In the 1840s, millwright Jacob Spaulding and his partners built a sawmill at the twenty-foot cataract known as Black River Falls. Eventually a large complex of saw-, shingle, lathe, and gristmills and a sash and door factory supported a prosperous town. Around 1905, the forest was exhausted, bringing economic decline. Then in 1911, a flood washed out a series of dams that had been built to control the Black River for logging and milling, and a wave of destruction swept away most of the downtown.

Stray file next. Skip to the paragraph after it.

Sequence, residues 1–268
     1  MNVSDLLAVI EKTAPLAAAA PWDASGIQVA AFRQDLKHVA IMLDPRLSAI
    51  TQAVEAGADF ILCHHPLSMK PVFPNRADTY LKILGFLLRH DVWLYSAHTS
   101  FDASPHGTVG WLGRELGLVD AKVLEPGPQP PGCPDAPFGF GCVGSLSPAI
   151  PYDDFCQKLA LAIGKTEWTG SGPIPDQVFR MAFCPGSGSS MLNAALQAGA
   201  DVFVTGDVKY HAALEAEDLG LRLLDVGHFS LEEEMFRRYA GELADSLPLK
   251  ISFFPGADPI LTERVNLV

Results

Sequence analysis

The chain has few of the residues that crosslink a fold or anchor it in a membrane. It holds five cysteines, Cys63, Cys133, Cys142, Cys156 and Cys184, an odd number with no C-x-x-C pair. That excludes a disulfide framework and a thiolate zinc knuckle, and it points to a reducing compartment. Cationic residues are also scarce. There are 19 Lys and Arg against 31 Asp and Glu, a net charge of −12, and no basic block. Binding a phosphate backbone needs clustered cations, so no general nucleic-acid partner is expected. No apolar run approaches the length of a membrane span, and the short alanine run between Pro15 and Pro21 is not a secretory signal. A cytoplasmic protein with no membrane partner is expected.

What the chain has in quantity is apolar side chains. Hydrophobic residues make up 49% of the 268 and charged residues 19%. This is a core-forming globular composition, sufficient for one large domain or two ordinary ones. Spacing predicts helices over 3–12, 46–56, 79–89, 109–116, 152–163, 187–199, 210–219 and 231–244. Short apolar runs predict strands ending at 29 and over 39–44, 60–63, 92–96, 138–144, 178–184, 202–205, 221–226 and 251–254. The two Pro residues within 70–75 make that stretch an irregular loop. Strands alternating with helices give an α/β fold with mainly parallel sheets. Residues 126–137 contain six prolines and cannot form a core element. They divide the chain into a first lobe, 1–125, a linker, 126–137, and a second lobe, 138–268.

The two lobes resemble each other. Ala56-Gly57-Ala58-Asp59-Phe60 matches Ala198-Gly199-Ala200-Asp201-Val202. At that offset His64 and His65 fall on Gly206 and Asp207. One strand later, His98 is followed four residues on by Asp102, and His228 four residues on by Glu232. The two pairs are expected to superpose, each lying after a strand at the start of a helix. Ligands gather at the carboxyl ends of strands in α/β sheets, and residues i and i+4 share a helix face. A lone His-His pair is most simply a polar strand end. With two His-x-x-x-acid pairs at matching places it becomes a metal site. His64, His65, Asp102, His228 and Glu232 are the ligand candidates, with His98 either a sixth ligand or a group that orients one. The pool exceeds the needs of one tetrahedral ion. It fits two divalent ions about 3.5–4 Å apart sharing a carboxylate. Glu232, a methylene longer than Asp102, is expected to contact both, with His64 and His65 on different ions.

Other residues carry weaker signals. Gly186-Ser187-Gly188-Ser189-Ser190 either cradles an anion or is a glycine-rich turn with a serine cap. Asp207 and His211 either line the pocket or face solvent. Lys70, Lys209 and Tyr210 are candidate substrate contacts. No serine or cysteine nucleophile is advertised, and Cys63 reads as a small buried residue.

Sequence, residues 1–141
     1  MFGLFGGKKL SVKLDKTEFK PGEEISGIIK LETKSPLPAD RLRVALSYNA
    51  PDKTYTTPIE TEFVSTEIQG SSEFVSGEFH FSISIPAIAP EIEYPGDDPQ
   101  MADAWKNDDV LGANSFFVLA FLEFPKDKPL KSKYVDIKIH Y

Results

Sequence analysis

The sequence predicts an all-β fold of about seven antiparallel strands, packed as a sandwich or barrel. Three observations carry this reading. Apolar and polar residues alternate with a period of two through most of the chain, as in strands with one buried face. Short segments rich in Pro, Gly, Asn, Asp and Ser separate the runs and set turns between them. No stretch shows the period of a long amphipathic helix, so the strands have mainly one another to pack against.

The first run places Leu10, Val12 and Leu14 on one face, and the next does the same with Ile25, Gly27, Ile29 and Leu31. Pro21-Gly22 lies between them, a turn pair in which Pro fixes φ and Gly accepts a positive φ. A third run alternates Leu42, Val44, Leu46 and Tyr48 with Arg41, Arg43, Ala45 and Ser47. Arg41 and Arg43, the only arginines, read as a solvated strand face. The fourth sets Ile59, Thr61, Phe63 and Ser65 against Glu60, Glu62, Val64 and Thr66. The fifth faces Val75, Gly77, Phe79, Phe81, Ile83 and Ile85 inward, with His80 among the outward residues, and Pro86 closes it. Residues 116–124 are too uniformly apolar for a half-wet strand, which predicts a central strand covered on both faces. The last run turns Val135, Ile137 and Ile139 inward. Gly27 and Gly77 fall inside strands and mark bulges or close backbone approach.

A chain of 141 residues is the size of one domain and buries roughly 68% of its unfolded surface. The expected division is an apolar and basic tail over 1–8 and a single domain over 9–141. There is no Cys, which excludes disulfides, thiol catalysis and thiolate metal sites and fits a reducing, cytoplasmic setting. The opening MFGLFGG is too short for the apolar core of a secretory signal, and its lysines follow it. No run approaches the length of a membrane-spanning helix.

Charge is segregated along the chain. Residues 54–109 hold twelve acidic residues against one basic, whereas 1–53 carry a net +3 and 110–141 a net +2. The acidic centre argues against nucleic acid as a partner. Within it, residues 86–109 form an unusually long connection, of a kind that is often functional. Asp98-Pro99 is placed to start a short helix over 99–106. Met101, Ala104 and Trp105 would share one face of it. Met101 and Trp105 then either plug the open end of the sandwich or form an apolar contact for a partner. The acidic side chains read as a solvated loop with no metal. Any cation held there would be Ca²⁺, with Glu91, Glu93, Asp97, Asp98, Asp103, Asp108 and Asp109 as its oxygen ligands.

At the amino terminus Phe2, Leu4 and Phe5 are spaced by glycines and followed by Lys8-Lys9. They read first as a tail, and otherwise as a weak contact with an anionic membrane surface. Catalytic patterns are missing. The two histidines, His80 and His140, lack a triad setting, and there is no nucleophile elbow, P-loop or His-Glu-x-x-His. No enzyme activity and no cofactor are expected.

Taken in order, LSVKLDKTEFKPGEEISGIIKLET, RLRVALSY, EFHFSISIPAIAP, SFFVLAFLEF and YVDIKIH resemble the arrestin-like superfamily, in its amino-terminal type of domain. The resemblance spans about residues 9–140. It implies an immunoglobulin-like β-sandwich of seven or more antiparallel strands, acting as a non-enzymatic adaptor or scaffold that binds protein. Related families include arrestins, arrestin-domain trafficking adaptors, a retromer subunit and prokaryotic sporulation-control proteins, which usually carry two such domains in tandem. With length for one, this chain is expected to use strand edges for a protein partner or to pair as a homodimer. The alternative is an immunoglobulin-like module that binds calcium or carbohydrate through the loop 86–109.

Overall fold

Union High School was one of the few survivors. Perched atop Price Hill, visible from every direction, the former high school dominates the local skyline. The school’s Second Empire design, the work of Nichols of La Crosse and constructed by Dudley J. Spaulding, was a sign of sophistication, urbanity, and prestige. The school is an elaborate example for such a small community, suggesting the high value that the townspeople placed on public education. The three-story brick building culminates in a mansard roof with gambrel-roofed dormers lighting the attic. On the second story, a brick stringcourse runs around the schoolhouse, curving over round-arched windows. A central four-story bell tower rises high above the building, ending with a mansard roof crowned by an iron railing. The tower’s top story features trios of arched windows and is trimmed above and below by pronounced cornices with scroll brackets. Originally, clocks filled the tower’s gambreled gables, but the circular openings have since been filled with brick.